In the early 60s, Will Millar and his friend Brian Evans performed in a Toronto Calypso group, The Kalypso Kews. After moving to Calgary, Will formed a folk trio in Calgary along with another Ulster native, Derek Swinson. He also developed quite a following singing at Phil's Pancake House, and then landing a job singing on Calgary's Just 4 Fun, a local TV show for children.

In 1964, after more than six months performing in the Toronto area, George and Jimmy left to visit Will in Calgary. In 1979, Jimmy told Canadian Music Magazine, "We actually formed the group in Toronto. I sang, George played guitar and at that time Joe was playing a little button key accordion. We were ambitious in those days, we'd played the clubs to death in Toronto and we didn't know what to do next; what direction to take. So we decided to visit Will in Calgary, ended up staying there, and the Irish Rovers became four. "".[4] Joe moved his family out from Toronto, and the band continued in Calgary.

George was enrolled in a local Calgary high school and Jimmy worked at a local Calgary slaughter house. Jimmy's job would last but a few hours. George soon quit school and Will's home became the new home base for the band.

The Irish Rovers became regulars at Calgary's Depression Coffeehouse, a folk club operated by John Uren that also contributed to the start of Joni Mitchell's career.

"US America"Edit

Will introduced the group to his manager Les Weinstein who became the band's full-time manager, while Will became the band leader.

The Rovers drove to California in 1966, hoping to perform in the folk clubs there. On the way, their car broke down near an Italian restaurant owned by two Irish immigrants in northern California. The boys were given room and board and an introduction to Jan Brainerd, a booking agent who helped them secure an appearance at The Purple Onion in San Francisco where they played sold-out houses for five months. The group was then booked at other folk clubs across California.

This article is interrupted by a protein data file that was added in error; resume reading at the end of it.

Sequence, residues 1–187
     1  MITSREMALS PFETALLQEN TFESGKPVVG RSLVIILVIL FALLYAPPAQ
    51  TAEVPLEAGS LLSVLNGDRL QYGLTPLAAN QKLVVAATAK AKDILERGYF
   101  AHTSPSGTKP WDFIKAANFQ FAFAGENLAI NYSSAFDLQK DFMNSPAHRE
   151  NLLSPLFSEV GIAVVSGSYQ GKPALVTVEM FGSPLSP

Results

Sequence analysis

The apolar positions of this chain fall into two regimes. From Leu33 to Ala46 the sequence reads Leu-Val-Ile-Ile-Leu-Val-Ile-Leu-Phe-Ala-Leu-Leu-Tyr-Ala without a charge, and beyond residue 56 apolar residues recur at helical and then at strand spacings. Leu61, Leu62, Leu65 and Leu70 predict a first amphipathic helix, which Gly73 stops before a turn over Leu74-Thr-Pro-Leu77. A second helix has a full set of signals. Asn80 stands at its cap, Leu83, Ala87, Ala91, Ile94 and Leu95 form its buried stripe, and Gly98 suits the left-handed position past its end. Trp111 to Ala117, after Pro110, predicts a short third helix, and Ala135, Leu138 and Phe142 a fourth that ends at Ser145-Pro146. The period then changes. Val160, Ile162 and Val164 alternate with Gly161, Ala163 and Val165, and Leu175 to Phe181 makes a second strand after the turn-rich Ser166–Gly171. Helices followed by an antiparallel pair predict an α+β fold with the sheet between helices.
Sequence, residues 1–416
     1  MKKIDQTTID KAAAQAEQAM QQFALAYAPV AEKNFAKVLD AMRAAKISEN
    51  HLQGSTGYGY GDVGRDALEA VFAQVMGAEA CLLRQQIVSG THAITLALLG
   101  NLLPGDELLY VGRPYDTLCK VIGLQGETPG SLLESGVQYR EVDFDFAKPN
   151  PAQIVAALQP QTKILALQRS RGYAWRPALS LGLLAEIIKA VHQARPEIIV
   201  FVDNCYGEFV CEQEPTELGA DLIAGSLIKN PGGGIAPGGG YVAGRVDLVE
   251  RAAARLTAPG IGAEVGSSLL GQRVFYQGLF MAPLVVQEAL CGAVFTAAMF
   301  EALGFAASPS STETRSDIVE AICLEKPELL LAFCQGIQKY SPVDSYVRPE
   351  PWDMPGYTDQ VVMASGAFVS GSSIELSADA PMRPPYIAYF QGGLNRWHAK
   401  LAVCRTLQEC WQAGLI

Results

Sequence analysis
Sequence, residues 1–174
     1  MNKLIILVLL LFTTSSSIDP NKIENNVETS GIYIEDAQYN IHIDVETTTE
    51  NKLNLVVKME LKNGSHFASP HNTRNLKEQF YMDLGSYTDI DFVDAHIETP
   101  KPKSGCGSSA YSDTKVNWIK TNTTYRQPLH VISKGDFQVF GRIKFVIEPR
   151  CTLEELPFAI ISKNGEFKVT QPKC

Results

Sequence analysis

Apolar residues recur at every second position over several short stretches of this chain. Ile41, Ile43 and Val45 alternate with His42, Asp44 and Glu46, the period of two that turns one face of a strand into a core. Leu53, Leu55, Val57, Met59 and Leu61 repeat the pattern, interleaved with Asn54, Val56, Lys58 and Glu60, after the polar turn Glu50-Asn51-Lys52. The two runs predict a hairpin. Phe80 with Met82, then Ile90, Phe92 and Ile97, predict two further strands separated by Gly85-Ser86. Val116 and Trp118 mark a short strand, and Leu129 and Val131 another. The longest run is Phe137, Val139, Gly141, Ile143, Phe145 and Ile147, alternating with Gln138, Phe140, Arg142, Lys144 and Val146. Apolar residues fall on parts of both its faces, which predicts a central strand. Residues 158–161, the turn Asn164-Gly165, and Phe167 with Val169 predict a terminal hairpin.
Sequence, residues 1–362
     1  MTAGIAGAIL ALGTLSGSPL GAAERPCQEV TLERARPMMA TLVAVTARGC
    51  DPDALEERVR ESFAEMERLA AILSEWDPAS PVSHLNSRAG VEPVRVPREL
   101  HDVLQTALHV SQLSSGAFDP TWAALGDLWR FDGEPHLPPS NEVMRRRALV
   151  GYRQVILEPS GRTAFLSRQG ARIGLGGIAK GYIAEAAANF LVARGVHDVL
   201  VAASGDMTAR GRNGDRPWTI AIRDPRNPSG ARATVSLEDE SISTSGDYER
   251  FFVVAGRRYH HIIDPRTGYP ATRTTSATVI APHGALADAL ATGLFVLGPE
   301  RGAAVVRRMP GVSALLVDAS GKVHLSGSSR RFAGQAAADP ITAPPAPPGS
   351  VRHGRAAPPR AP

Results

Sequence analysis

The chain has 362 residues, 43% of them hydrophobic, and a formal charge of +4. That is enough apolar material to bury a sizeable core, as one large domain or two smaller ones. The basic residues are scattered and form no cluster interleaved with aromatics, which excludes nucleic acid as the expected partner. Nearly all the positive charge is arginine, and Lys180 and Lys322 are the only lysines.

In 1966, the Rovers signed a recording contract with Decca Records with Charles Dant and recorded their first album, The First of the Irish Rovers, at The Ice House in Pasadena. The album was successful enough to warrant another album, which included their first hit, which was from a song originally written and recorded in 1962 by Shel Silverstein, The Unicorn. Glen Campbell played guitar on the original recording.[5] After recording the album, Joe left the band for a more "reliable" income for a family man. It was at this time that they invited All-Ireland Champion Wilcil McDowell to join the band. After the success of "The Unicorn", Joe returned to the band. The album included the Irish tunes "The Orange and the Green" and "The Black Velvet Band". Wilcil's accordion has continued to be a signature sound of the band.

Starting in the late 60s, the Irish Rovers performed on various North American television programs including several appearances on the TV western The Virginian, as well as The Smothers Brothers Comedy Hour, The Mike Douglas Show, The Dating Game, The Pig And Whistle, and The Beachcombers.

In 1968, they were named "Folk Group of the Year" by the predecessor of the JUNO Awards, and in 1969 they received a Grammy Award nomination for "Folk Performance of the Year".

The Rovers EraEdit

In the early 1980s, the group adjusted its style and began aiming itself towards the country-rock field. Renamed The Rovers, the group scored a major international hit with "Wasn't That a Party" and also found success with the Christmas novelty recording "Grandma Got Run Over By a Reindeer". By the late 1980s, however, the group had reverted to their original Irish Rovers branding.